I am suddenly jolted awake by a cacophony of strange whirring sounds all around me. I fly out of bed and glance at the clock. It is 4:30 A.M. I run over to a large picture window and pull up the blind so I can see what the heck is happening. I see lights, hundreds of them. In the dark, they appear to be hovering in mid-air.
It's not what your thinking. I am in Maine and what I am experiencing first-hand is not an encounter with strange beings from another planet but the Lobstermen of Deer Isle, Stonington, heading out from the harbor for another day on the water. It's a really big harbor and from my apartment for the week I have a view that overlooks a big portion of it. I have two large picture windows, one that is a view looking southeast and one that faces more west. I am here on a painting trip and these are views that will serve me extremely well for the next 7 days. Fully awake now, I sit and I watch as the hundreds of lights move about on the dark water. Eventually they become tiny specks far out on the horizon. The engine sounds that were filling up the air are now a quiet murmur barely audible from such a great distance.
My adventure here to paint in Maine for the week was planned months ago. With a full schedule of teaching plein air workshops and most of my evenings being taken up with doing home dialysis for my wife Pam, it was agreed that I would go somewhere and get some serious painting time in by myself. I needed to recharge my batteries. Pam would schedule getting dialysis at her center and I would concentrate on painting the boats and harbor. Nx Stage home dialysis has a high burn out rate and we are both determined to keep that from happening.
Just trying to make this trip a go, was an experience all by itself. Hurricane Irene was scheduled to arrive in New England on the day I was supposed to leave for Maine! It was odd, Pam and I were working to pack me for a painting trip while at the same time preparing ourselves for what was being forecast as the worst hurricane to strike New England since the one in 1938 that came storming up the East Coast with a forward speed of more than 50 miles per hour and struck as a category 3 hurricane. This was a bit daunting, but since hurricanes are unpredictable, we kept with the plan. I knew I would not be driving up on Sunday, the day of the storm and I was able to make arrangements to get to Maine on Monday or Tuesday and stay the extra one or two days in order to make it a full week.
On the morning of Irene blowing into Connecticut, we lost power very early in the day. Irene was coming to us as a tropical storm and so far we had not seen much wind yet, but apparently enough of it so that all of Woodstock pretty much lost power early that morning. Since I had spent a great deal of time preparing for a hurricane, I now spent the morning making paintings panels for the trip and thinking about Maine.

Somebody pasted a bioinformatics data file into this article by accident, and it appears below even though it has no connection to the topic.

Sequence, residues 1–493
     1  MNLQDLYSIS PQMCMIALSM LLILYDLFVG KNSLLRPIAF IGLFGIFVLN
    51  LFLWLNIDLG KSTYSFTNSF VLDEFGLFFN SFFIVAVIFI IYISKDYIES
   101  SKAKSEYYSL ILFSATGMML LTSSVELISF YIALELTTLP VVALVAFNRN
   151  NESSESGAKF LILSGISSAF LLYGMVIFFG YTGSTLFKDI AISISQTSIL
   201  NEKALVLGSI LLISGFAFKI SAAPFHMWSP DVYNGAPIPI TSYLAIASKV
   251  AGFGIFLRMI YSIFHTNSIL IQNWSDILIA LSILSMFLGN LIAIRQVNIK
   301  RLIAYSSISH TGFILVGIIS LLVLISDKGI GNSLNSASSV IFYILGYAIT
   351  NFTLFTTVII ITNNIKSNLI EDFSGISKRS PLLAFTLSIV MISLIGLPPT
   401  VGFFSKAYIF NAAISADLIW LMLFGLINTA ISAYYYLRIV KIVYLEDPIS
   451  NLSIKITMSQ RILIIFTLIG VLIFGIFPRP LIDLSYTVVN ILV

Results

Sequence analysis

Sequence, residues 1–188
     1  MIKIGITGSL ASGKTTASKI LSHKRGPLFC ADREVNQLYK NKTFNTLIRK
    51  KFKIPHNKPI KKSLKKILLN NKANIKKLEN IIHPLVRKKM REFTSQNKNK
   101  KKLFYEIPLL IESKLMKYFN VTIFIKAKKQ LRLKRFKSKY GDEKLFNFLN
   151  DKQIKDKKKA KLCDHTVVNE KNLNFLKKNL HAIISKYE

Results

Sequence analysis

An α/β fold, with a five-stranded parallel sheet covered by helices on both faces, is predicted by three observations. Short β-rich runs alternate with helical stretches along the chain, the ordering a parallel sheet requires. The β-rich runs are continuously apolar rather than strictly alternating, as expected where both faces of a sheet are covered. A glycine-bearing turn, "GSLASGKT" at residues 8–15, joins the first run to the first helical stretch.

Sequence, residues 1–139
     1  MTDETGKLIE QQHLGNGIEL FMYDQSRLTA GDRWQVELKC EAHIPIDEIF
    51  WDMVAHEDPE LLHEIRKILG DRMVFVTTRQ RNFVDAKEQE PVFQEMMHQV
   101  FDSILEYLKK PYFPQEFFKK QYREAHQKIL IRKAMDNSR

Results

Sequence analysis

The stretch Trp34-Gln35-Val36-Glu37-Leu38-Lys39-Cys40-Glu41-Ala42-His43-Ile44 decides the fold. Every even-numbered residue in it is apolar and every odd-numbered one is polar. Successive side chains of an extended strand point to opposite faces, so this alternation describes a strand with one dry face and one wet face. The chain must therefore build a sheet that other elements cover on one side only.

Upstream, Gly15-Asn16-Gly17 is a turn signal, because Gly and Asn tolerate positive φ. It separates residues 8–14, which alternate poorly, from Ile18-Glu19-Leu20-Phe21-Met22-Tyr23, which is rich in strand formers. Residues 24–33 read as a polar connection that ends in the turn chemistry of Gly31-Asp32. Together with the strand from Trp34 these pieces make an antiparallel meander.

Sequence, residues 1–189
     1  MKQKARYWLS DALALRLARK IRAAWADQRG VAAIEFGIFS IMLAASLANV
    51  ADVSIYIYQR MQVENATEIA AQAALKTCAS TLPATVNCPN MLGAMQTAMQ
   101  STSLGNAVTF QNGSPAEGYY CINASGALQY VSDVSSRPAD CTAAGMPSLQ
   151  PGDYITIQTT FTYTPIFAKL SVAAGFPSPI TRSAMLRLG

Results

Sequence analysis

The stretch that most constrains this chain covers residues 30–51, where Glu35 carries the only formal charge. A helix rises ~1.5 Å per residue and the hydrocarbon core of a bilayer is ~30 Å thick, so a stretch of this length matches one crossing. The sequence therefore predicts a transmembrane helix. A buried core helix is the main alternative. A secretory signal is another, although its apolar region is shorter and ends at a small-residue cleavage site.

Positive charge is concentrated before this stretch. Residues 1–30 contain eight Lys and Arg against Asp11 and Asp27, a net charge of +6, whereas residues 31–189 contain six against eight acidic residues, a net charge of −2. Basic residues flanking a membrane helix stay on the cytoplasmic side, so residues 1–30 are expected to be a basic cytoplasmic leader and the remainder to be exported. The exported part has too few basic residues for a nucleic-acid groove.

I like to use 359 linen from Wind River Arts and Gator Board which I buy from a local source in Connecticut called Artgrafix. I have been using a fabric adhesive from United Manufacturers Supply for more than 15 years and I love the ease at which I can prepare panels. I simply cut the gator board with a good sharp utility knife to the size panels I want and then apply glue to each panel making circular motions as it comes from the squeeze bottle.
Then I make a scrubbing motion with a worn number 10 bristle brush that I have cut down in length a bit because this makes the brush a bit stiffer and helps to move the glue around. I pay particular attention to making sure the glue gets out to the edges. Then I take my linen and I apply it to the board. I use an old wooden ruler to press down on the panel to make sure it has no ridges or bumps etc. Before I do any gluing, I cut the linen from a roll and cut each piece a bit larger in size then what it will be in the end. I give each one about a quarter of an inch extra on all sides. After I am sure the linen is attached properly to the board with the glue, I turn the panel over and cut off the little bit of excess with the utility knife. It is important to do this step before the glue dries. If you wait till after it dries, you may find a ripple on the edges of the panels. I place the freshly glued panels on a flat surface and lay a flat board over them. I put a five pound weight on top. I can make a dozen panels and just keep laying one on top of the other along with the board and the weight on top of the stack. I always make sure I have extra blades for the utility knife and I change them often. This is 'key' to making panels with ease.
Early the next morning after Irene came through, Pam was on the phone with the dialysis center making sure that they were on generator power so she could get dialysis. The center had also been concerned that they were in an area prone to flooding and had informed us before the storm that if they did flood, Pam would need to get dialysis at a different center. To avoid any problems, we had a generator all set and ready to go at our house. On that Monday morning, Pam got the okay at the center. They were operating on generator power and could dialyze her with no problems. Pam jumped out of bed and told me to get myself to Maine!
My week in Stonington was fantastic to say the least. I had glorious weather all week long and the tides were working in my favor. Low tide was at 5:21 A.M. that first morning and so I had a low tide to work with for my morning light and also a low tide for the late afternoon light. When I paint around the docks, I really don't want to be doing it at high tide. There is no satisfaction in that for me.
On my next blog, which will be posted very soon, I will include some paintings I did on that trip and I'll write more about my week in Deer Isle Maine and my thought process of how to make the most out of a painting trip like this.